Boulder Crest Foundation leads the development of the science of Posttraumatic Growth, guided by the founder of PTG, and our Distinguished Chair, Dr. Richard Tedeschi. As the first organization to ever develop and deliver Posttraumatic Growth-based programs, Boulder Crest continues to innovate, enhance, and expand the field of study of PTG.
Posttraumatic Growth is the basis for all aspects of our work, and reflects thousands of years of understanding, decades of research, and years of application and operationalization at the Boulder Crest Foundation.
The underlying concepts of PTG are as old as organized religion. In Romans 5:3-5, it is said, “Not only so, but we also glory in our sufferings, because we know that suffering produces perseverance; perseverance, character; and character, hope."
From Hinduism to Buddhism, Islam to Judaism, Catholicism to other forms of Christianity, the idea that life is full of suffering is a foundational element of all faiths. The only question, therefore, is what to do about it.
In the words of Viktor Frankl, a Holocaust survivor, psychiatrist, and the author of Man's Search for Meaning, “Everything can be taken from a man but one thing: the last of the human freedoms — to choose one’s attitude in any given set of circumstances, to choose one’s own way.”
At the core of PTG, and Warrior PATHH, is restoring the element of choice to life, and learning to respond, rather than react, to life’s ups and downs. In the process, lessons are learned — about the world and, more importantly, about oneself. The challenge and obligation is then to share those lessons in service to others. This idea, that life is a classroom, is reflected in our definition of a hero: A hero is an ordinary person who survives an extraordinary experience and returns to share important truths about life that they learned, so they can enrich the lives of others.
In 1995, after a decade of research and clinical work focused on trauma survivors, UNC-Charlotte professors and psychologists Richard Tedeschi and Lawrence Calhoun coined the term Posttraumatic Growth. Their initial research and work included people who had suffered disabilities in adulthood, bereaved older adults, and bereaved parents, many of whom were able to describe ways that they had been transformed in the aftermath of their traumas. They were living lives that had a greater sense of purpose, emotional depth, and wisdom. The term Posttraumatic Growth seemed to capture the themes of positive change found in their stories. Drs. Tedeschi and Calhoun used their statements to create a research instrument that has subsequently been used by hundreds of researchers around the world, helping to shape our understanding of how PTG occurs, and how to encourage it in trauma survivors.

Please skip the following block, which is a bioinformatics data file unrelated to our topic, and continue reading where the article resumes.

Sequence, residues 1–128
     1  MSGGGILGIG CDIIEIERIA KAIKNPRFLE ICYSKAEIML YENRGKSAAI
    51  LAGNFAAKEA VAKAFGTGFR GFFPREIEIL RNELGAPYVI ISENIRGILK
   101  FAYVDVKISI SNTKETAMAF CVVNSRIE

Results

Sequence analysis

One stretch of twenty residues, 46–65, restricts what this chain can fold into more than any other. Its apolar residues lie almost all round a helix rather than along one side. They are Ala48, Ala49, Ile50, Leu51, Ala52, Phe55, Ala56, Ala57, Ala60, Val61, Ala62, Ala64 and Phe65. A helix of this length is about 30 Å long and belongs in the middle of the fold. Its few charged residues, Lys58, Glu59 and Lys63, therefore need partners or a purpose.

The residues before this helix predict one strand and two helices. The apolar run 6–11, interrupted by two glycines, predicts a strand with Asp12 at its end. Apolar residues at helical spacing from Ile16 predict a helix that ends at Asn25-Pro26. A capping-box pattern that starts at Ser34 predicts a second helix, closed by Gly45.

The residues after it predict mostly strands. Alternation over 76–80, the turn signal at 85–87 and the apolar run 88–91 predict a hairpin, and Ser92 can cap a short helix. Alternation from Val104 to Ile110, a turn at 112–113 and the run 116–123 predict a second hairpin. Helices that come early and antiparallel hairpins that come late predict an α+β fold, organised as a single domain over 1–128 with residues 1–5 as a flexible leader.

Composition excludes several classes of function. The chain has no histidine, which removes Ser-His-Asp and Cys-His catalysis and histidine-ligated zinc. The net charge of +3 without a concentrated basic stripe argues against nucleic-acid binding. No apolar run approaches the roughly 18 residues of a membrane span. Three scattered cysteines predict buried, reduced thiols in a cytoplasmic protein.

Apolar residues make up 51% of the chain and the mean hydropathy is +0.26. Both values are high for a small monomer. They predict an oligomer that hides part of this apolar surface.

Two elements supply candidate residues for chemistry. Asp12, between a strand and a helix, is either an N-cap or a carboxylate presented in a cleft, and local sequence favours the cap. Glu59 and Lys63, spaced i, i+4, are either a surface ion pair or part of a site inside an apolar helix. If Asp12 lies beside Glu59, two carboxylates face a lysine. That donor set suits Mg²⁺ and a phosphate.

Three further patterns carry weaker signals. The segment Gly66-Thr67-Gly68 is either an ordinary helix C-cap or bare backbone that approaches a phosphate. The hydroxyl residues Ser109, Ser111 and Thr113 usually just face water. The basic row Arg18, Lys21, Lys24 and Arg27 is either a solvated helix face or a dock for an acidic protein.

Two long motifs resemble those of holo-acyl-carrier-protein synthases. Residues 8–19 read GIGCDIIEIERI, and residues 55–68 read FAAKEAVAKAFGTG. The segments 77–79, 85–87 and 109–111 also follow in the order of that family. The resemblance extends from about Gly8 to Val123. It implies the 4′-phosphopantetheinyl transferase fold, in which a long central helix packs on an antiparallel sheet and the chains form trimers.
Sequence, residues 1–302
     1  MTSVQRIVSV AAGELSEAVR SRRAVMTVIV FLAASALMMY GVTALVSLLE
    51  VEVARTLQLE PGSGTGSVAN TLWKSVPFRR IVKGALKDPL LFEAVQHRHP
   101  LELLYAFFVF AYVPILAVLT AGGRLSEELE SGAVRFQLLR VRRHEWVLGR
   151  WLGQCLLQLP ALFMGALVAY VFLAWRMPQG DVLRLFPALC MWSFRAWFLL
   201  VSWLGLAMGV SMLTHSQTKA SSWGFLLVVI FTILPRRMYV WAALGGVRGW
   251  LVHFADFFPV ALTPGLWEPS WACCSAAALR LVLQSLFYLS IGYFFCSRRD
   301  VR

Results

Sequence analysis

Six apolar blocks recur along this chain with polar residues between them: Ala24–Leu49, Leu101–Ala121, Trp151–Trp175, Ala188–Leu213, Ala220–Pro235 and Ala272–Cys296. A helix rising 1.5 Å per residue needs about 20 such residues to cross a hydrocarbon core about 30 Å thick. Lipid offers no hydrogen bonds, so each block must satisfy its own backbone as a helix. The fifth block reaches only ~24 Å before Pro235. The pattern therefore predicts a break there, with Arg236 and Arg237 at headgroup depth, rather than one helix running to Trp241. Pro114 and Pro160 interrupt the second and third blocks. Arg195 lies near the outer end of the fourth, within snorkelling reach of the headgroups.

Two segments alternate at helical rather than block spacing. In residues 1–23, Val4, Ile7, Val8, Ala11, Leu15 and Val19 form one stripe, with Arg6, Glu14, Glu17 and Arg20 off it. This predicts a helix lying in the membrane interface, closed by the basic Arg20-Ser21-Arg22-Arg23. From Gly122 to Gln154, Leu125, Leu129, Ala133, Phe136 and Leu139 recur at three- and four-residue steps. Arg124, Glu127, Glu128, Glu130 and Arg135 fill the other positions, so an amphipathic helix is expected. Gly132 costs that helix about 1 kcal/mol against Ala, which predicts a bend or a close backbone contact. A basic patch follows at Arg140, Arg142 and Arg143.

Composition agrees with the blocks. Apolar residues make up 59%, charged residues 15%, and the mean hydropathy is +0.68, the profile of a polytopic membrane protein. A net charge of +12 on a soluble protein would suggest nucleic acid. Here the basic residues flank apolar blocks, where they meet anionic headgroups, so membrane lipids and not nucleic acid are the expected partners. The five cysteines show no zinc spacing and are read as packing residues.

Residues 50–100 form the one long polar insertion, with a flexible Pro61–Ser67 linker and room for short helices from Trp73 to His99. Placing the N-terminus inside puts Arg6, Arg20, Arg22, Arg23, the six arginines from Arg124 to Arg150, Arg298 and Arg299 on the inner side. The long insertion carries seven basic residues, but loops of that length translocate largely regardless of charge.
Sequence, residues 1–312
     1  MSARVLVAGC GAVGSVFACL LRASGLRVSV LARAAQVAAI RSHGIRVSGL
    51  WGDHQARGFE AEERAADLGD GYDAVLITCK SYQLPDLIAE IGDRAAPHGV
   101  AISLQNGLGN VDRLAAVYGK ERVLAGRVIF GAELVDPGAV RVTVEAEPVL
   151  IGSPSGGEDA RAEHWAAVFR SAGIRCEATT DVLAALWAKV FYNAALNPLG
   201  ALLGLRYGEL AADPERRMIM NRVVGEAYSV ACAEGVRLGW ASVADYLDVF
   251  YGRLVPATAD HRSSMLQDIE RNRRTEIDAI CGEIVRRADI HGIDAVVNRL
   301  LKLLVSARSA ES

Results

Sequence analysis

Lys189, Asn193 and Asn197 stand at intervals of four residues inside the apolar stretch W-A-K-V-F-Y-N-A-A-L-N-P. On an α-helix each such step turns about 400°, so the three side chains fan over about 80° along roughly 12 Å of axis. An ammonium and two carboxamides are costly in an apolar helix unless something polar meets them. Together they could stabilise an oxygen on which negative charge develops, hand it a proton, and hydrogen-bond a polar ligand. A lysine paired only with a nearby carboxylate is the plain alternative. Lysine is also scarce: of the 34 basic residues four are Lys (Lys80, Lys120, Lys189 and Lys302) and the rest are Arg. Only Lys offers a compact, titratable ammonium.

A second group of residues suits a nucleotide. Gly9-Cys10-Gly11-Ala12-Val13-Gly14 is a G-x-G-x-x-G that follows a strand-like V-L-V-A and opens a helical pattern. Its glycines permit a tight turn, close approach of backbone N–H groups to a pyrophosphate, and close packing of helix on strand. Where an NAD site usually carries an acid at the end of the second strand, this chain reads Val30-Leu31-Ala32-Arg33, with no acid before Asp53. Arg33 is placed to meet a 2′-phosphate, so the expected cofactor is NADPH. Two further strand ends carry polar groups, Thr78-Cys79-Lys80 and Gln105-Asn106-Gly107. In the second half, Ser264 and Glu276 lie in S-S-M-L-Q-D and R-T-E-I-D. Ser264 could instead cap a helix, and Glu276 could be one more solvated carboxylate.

As Tedeschi and Calhoun researched precedent for what they had discovered, they encountered what is possibly the greatest story of PTG — that of the 591 men who were Prisoners of War in North Vietnam for between 2.5 months to 8.5 years. While mental health experts anticipated that the men would return home psychotic and destined to live their lives in institutions, the truth was very different. Only 4% of these men would struggle with PTSD (compared to 30% of all Vietnam veterans), while 80% would end up better off because of their experiences. The military tracks these men to this day, and versus a comparable group of Naval aviators that were not shot down, the POWs live better lives on every measure of life — from physical health to emotional health, from the quality of their relationships to their sense of life satisfaction.
Ken Falke, Charlie Plumb (6-Year Hanoi Hilton POW), Jerry Coffee (7-Year Hanoi Hilton POW), Josh Goldberg,
and Everett Alvarez, Jr. (8.5-Year Hanoi Hilton POW and POW#1)
Boulder Crest Foundation is the first organization to ever develop and deliver programs based on the science of Posttraumatic Growth. These programs, known as PATHH (Progressive and Alternative Training for Healing Heroes), include Warrior PATHH, SW:S PATHH, and Family PATHH; and serve combat veterans and first responders and their family members.